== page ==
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Bingley protesters condemn Tory leadership candidate
Around 20 people gathered outside the Brown Cow pub in Bingley on 30 May, where former Department for Work and Pensions minister Ester McVey was launching her Tory premiership campaign tour.
The launch took place in the constituency of McVey's partner, the notorious Philip Davies MP - known for talking out legislation on such issues as banning 'upskirting' and hospital parking charges.
Incredibly, McVey pitched the meeting as 'Blue Collar Conversations' aimed at working-class people, however the only people turning up for their meeting were well-dressed, huge car-driving local Tories.
Local workers commuting past the protest, tooted their support for the counter-protest, which displayed prominent Socialist Party 'Tories Out!' placards as well as homemade placards including one saying 'Sanctions don't create jobs... but socialism does'.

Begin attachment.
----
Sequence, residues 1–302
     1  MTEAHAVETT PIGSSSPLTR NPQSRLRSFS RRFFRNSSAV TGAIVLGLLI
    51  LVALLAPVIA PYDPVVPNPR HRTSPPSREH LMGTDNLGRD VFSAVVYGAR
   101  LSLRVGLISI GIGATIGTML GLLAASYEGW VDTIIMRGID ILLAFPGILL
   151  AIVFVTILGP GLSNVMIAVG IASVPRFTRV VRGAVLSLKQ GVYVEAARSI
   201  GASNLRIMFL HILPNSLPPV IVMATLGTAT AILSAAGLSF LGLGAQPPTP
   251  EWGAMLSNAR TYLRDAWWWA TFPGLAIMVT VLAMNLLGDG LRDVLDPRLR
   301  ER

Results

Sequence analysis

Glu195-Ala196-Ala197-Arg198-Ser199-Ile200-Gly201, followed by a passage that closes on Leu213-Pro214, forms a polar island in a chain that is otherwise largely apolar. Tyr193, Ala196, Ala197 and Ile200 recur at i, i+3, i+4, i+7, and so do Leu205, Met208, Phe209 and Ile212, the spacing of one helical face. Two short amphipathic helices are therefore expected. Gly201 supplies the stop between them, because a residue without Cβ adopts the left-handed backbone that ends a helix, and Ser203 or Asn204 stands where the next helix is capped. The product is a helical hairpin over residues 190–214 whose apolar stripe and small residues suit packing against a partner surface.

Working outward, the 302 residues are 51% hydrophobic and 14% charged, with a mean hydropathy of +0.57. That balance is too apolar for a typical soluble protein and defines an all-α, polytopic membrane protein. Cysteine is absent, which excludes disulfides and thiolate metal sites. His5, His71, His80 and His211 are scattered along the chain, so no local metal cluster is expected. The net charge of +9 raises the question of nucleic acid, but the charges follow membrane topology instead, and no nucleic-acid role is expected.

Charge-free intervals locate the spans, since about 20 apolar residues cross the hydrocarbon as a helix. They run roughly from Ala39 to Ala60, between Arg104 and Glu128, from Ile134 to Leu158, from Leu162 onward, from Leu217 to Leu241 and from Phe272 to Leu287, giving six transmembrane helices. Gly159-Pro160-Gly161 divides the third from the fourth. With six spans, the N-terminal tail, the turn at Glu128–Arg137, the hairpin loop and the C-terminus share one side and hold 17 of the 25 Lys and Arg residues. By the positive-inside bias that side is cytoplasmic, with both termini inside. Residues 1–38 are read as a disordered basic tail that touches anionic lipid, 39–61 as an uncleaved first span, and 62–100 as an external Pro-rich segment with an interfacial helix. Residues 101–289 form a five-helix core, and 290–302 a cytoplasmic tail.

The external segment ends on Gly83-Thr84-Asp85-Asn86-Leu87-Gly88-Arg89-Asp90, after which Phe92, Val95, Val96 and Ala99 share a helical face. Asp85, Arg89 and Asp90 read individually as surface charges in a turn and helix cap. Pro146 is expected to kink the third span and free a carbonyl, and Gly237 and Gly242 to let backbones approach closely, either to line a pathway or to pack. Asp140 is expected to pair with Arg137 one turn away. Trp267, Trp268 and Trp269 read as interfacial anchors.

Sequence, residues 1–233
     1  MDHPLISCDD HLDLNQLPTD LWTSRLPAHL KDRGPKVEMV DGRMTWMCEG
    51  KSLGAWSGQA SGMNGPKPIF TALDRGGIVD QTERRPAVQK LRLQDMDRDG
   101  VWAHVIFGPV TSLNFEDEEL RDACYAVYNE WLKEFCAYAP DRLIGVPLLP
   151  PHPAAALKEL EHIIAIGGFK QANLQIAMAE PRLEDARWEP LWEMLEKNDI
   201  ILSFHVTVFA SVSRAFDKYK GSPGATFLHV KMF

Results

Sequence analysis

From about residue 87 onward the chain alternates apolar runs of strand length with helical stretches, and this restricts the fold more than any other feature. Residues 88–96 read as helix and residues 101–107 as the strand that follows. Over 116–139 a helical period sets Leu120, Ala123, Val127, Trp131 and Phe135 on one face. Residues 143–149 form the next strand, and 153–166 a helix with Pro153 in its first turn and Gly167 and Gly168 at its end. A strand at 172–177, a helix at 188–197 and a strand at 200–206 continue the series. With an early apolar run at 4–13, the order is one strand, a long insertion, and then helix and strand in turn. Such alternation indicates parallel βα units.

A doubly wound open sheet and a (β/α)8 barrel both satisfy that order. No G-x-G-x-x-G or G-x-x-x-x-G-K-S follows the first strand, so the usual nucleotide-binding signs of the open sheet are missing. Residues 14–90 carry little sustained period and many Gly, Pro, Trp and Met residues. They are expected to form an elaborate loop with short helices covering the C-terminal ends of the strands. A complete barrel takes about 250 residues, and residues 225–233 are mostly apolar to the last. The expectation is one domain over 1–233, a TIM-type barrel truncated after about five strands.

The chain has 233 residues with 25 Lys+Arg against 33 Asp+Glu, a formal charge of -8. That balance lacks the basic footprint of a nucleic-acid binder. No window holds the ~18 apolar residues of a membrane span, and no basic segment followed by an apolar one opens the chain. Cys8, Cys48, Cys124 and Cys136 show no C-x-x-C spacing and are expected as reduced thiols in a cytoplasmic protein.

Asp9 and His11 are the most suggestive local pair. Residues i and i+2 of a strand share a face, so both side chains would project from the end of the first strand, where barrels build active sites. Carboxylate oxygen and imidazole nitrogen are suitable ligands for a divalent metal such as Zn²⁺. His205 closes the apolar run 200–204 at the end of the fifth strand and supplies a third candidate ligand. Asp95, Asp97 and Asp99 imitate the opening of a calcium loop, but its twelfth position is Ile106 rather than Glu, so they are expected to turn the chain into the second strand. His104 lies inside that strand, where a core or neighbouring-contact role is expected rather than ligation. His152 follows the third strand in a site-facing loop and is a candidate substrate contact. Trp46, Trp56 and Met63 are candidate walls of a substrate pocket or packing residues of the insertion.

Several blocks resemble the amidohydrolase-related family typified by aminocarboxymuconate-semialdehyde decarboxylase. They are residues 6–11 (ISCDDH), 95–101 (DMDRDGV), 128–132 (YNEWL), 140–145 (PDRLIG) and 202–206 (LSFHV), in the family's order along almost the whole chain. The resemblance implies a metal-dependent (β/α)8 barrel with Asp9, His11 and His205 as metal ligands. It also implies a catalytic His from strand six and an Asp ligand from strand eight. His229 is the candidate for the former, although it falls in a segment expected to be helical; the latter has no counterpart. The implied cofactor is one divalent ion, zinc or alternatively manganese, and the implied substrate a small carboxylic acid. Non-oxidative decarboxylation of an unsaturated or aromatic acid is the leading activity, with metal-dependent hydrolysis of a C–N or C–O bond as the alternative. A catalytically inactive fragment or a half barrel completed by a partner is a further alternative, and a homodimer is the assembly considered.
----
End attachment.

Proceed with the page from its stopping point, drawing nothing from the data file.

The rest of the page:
As DWP minister, McVey presided over the disastrous roll-out of Universal Credit and has defended the rising use of foodbanks as a positive thing - she even briefly tried to make the case once again for this before being escorted inside by her minders.
It is clear that the election of McVey or any other Tory leadership candidate as prime minister will continue the disastrous anti-working-class policies of austerity.
That's why what is necessary to change the situation, as our placards called for, is 'mass working-class action for a general election' with the trade unions playing the key role in pushing for this by calling a national demonstration to demand a general election.
Iain Dalton, West Yorkshire Socialist Party organiser
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The coronavirus crisis has laid bare the class character of society in numerous ways. It is making clear to many that it is the working class that keeps society running, not the CEOs of major corporations.
The results of austerity have been graphically demonstrated as public services strain to cope with the crisis.
The government has now ripped up its 'austerity' mantra and turned to policies that not long ago were denounced as socialist. But after the corona crisis, it will try to make the working class pay for it, by trying to claw back what has been given.
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In The Socialist 5 June 2019:
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